Starting college is an exciting time in your life, though you undoubtedly have mixed emotions. You may be anxious to learn who your new roommate will be, eager to become more independent, or nervous about making new friends and navigating campus. Perhaps some “fear of the unknown” sets in, such as figuring out what you want to study or what classes will be like. Some students have anxiety about leaving the comfort and familiarity of their home town, friends, and family. Just know that you’re not alone! All of these emotions are normal and there are ways to combat most of them well before move-in day.
Introduction to college life
Attending new student orientation is a great way to ease many of your concerns. Student orientation is typically held on college campuses during the summer months, prior to the start of the academic year. It’s usually a one-day event filled with information and activities that provide incoming students and their families an overview of what to expect as a new member of the college community.
Is it important to attend orientation? Absolutely!
Orientation day allows you to meet and interact with other incoming students and, hopefully, establish some new friendships. Remember, college is a fresh start and everyone at orientation is in the same boat, so make the most of your experience!
You’ll also have the chance to tour campus and become familiar with many of the buildings. By the time the school year begins, you’ll be more comfortable locating your classrooms and won’t seem so “green” when navigating campus.
Take in presentations and panels
Many colleges conduct skits and activities to help break the ice, along with sessions by support staff to discuss various campus resources, including student health, tutoring services, and the career center to name a few.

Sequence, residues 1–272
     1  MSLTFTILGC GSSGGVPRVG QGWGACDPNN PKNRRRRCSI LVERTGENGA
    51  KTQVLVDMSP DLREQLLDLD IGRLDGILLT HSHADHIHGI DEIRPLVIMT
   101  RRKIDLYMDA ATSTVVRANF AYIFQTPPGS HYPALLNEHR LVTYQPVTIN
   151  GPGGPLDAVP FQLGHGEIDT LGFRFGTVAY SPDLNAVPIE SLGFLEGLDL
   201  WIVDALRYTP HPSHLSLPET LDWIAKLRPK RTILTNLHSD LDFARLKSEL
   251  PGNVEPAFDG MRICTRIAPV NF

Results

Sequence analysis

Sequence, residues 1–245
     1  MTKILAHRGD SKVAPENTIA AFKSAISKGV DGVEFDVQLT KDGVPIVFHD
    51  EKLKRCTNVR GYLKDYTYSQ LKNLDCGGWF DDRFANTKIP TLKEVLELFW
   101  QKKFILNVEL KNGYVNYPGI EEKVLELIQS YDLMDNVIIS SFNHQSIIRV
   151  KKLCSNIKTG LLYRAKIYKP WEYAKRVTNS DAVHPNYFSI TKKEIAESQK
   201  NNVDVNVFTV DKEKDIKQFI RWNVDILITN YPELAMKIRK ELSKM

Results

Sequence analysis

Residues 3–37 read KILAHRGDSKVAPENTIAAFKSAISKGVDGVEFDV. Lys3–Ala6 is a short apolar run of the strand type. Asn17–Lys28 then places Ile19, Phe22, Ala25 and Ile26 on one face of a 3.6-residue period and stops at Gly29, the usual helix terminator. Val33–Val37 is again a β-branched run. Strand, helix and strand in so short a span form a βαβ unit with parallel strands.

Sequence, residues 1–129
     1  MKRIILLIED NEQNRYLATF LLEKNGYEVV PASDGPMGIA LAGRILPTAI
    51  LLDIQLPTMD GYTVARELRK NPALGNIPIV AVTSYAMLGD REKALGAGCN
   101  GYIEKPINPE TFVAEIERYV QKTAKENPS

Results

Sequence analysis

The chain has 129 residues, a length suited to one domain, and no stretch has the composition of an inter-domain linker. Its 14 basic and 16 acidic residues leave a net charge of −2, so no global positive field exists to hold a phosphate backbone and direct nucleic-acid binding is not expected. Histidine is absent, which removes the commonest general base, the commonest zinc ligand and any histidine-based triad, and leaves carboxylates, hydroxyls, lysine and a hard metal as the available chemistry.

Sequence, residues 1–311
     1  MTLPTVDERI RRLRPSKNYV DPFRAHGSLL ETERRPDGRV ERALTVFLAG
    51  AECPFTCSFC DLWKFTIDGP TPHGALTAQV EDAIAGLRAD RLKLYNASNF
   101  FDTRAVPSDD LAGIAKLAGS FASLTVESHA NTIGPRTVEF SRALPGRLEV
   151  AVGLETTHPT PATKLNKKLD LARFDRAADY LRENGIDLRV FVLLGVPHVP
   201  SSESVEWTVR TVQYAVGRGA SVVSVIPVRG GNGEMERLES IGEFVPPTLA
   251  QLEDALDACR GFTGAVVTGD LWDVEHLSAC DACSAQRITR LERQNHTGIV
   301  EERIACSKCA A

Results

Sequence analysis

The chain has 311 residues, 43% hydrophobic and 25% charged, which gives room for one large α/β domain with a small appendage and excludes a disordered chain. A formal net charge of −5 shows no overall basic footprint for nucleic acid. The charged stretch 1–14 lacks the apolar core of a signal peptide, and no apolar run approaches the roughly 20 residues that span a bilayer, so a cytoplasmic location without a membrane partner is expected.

Current students may provide information on topics like time management, study habits, getting along with your roommate, and inside tips for adjusting to college life. There’s usually time set aside for a panel discussion (made up of college students and/or college representatives) to answer questions from incoming students and their parents. Be sure to get all of your questions answered as it will help put your mind at ease.
Check out clubs and organizations
Orientation is a great time to learn more about clubs and organizations at the college, including what to expect from each of them and the benefits of joining one or more. Keep an open mind when learning about these opportunities as it could spark a new interest, allowing you to take a more active role while receiving your education. Statistics show that college students who become involved and are socially integrated early on are more likely to stay enrolled and earn their degree.
Register for classes
Faculty and academic advisors will sit down with you, guide you through the registration process, and help you get enrolled in the classes you should take. They can answer questions, discuss available elective classes, and provide a better picture of what collegiate academics look like. By the time you leave orientation you will likely have your class schedule in hand for the upcoming term. One more task crossed off your to-do list!
Put on a nice shirt, comb your hair, and get ready to smile! While at orientation you will have your picture taken for your student ID. The student ID is your passport to most things on campus, including special events and the dining hall. It can also provide discounts at businesses in the community.
Although it’s called “student orientation,” it’s equally as important for parents to attend. If you’re a first-time college parent and this is all new, you naturally want to understand what your student’s college life will be like. Parents need reassurance that the college’s top priority is their son or daughter’s health, safety, and providing a great education. Even if your child will live at home while attending college, going to orientation sends an important message that his/her college education matters.
While it’s impossible for new students to learn EVERYTHING you need to know during your time in college, attending orientation will give you a realistic glimpse of what you’ll encounter in just a few short months. Enjoy your summer, and get ready for your next adventure!